Harvey Moon
Newly Registered
Posts: 2
Joined: Tue Apr 10, 2007 6:15 am
Location: Anglesey

Soil + Potatoes

Hello to everyone, I think I got lost somwhere as I thought this was a UK Forum, ah well never mind maybe you guy's can help me whilst I am here.
My garden is an old landfill site for stone waste only and has roughly 18'' of soil laid on top of it, the quality of the soil isent that good with a lot of clay, I was wondering if mixing Coarse Sand and Manuer would loosen it enough to grow Potatoes and maybe other Veggies. :?:

Also this year I was late purchasing my seed potatoes and had to buy a large sack I have planted some in a raised bed as I did last year and the year before and have no problems with them but with the seed that I have left, is it possible to store them and plant at a later date, they are called Sharpe Express and are a early variety. :?:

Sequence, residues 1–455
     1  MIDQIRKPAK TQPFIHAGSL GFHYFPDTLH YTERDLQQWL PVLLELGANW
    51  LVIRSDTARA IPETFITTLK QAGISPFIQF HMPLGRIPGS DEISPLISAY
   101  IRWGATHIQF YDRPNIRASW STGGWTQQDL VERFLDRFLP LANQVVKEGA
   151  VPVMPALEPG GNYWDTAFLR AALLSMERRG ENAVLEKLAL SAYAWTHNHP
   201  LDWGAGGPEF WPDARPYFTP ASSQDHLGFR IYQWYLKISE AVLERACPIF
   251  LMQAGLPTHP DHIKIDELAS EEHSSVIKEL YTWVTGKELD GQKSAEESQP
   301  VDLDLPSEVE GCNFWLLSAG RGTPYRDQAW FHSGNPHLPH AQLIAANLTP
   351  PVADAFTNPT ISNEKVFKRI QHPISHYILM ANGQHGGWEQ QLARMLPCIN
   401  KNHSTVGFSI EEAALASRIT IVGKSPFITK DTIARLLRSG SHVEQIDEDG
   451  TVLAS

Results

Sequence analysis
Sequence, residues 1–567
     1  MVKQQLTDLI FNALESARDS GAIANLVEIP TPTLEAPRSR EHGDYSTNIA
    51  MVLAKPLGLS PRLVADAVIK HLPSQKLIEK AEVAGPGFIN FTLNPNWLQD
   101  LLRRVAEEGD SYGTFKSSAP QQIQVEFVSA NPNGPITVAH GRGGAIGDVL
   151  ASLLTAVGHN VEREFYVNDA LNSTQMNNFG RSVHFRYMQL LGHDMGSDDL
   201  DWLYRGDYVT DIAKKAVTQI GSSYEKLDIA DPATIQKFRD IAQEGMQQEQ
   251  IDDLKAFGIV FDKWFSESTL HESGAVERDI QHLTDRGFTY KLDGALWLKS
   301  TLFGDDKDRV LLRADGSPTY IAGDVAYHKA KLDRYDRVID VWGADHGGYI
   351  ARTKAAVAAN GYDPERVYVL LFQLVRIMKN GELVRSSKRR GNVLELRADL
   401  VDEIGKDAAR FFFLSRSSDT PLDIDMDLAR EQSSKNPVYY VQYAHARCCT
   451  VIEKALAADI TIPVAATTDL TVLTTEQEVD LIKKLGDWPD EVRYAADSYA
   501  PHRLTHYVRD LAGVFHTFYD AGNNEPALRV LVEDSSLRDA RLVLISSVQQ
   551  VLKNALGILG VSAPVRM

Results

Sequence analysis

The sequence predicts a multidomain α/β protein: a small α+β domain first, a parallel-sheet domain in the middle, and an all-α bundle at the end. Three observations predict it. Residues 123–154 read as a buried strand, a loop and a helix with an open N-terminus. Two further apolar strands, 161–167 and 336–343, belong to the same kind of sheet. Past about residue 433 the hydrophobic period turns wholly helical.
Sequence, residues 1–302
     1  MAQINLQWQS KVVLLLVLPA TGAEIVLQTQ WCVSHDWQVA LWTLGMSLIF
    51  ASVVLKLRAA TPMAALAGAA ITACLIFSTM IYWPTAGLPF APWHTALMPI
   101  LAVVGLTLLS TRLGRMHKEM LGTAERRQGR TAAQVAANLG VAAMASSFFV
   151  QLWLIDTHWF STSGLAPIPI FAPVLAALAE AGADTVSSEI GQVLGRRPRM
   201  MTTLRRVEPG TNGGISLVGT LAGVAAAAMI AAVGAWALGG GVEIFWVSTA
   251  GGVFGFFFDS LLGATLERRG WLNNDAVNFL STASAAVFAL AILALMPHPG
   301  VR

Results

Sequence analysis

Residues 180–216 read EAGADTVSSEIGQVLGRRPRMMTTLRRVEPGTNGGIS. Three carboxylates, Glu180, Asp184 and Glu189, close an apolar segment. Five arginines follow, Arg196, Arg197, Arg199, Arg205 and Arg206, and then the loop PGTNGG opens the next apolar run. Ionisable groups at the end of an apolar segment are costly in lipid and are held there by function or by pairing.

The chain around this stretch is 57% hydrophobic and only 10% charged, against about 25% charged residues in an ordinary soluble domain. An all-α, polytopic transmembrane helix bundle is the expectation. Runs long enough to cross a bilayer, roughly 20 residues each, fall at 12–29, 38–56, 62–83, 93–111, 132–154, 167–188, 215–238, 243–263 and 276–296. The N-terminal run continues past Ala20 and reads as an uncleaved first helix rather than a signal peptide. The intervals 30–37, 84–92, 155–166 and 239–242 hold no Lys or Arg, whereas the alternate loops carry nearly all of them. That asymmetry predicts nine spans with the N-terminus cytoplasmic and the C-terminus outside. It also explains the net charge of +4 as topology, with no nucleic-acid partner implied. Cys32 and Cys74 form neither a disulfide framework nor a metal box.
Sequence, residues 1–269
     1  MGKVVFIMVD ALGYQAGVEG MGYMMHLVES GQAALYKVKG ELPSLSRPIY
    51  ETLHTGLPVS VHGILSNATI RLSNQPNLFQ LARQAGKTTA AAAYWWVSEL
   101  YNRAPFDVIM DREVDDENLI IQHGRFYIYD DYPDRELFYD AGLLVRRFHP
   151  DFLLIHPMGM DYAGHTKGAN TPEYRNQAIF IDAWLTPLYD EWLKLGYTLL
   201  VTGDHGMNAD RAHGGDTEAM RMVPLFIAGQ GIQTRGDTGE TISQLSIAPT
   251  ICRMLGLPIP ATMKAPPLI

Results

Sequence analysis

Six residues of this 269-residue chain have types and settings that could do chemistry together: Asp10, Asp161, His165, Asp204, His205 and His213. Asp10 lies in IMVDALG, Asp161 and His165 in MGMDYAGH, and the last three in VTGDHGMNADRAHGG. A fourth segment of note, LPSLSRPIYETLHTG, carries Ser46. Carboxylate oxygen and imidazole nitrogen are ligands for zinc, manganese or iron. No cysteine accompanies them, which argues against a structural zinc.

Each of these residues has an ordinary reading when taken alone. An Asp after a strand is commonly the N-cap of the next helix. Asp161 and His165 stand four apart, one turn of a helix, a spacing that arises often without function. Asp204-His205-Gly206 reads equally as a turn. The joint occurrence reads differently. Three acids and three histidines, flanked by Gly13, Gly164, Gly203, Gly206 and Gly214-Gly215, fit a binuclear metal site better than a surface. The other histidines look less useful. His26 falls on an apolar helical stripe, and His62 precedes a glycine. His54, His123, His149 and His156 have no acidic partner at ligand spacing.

any help would be extreamly appreciated thank you.

opabinia51
Super Green Thumb
Posts: 4659
Joined: Thu Oct 21, 2004 9:58 pm
Location: Victoria, BC

Well Harvey you have come to the right place, we have a tonne of threads on ammending poor soil, use the insite search engine to read up.

For now, I'll say that sand will help a bit but, what really improves both clay and sand based soils is adding organic matter. Manure is considered organic matter but, in composting soils is considered a "GREEN" which means that it has a Carbon : Nitrogen ratio of about 30:1 or less.